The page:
I want to thank you for Pixar. Not just for me and my family — though that would be enough on its own, as our family grew up with your movies — but for many Motley Fool members. Thousands of us bought Pixar stock in 2003, and those shares today — now part of Disney (NYSE: DIS), which bought your Pixar out — are up 5 times in value when the market over the same period merely doubled. I am truly amazed to think that, beyond creating and then reinvigorating Apple into becoming one of the great big companies of all time, you could “on the side” be leading Pixar, too. Pixar! How wonderfully innovative and charming and wholesome. I never got a chance to interview you and ask how satisfying it was to become Disney’s largest shareholder. I suspect the answer was “very” — and that it wasn’t about the money, either.
I want you to know that Apple’s stock is up from when you left us. You might have been surprised to know that from the day of your death, one year later, Apple’s stock was actually 75% higher without you. At that point — October 2012 — your company had earned the highest capitalization in the history of our U.S. public markets. Since then, a lot of that gain has washed away — and shares are now underperforming the S&P 500 since your death. I want you to know that in contrast perhaps to many, I continue to believe you built a culture and put your company in a position to keep winning. I don’t believe things will slide away from here, and I certainly don’t believe pundits who might say your company is moribund or lost. My money’s where my mouth is. (Sorry I keep talking about the stock market. It’s not my ultimate point, but it’s very often how I see things.)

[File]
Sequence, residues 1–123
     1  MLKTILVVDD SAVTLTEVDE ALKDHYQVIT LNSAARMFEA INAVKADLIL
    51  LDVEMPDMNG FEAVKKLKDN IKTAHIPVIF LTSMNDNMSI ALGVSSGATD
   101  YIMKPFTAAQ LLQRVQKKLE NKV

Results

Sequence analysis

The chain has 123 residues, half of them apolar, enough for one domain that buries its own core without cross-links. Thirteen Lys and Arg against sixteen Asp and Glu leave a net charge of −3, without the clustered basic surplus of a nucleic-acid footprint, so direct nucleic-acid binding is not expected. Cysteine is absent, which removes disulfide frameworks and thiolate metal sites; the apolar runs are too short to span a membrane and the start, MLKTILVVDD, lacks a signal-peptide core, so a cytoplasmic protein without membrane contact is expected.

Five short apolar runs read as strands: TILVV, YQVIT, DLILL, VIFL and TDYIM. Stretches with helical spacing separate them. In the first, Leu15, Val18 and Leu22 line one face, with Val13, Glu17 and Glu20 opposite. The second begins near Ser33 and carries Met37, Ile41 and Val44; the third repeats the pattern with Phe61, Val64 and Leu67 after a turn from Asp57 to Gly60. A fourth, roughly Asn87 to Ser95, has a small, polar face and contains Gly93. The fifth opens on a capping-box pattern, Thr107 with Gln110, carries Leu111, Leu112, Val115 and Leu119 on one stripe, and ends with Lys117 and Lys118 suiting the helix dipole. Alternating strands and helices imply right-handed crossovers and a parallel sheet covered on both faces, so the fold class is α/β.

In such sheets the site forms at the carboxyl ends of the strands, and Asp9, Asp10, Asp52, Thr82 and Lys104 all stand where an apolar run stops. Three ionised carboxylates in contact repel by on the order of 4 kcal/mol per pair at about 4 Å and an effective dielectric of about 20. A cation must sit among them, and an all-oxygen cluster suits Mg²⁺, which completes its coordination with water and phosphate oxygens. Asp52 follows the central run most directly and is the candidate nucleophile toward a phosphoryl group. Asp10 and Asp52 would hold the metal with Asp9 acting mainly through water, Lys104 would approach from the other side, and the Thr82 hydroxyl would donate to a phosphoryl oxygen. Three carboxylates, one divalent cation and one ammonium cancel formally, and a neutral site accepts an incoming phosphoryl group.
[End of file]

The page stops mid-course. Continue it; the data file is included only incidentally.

I wanted to thank you, finally, for the often-quoted Stanford graduation speech you gave in 2005. Your message — timeless and now much watched by millions of people worldwide — was and has always been our message. You put it this way: “Stay Hungry, Stay Foolish.” When I first watched the YouTube video sent to me in 2005 by an excited Motley Fool member (who said, “Look, Jobs is a Fool, too!”), I couldn’t believe my eyes. Now watching it once again recently, it ages well — the message just keeps getting stronger, and I want you to know we are going to drive a huge wedge of Foolishness into this world before we’re done. Thank you most of all for that.
You would have turned 58 today. You are missed, but like the few great people of every era, your legacy will successively instruct and positively influence millions of people well into the future — it already is.
Thank you, Steve.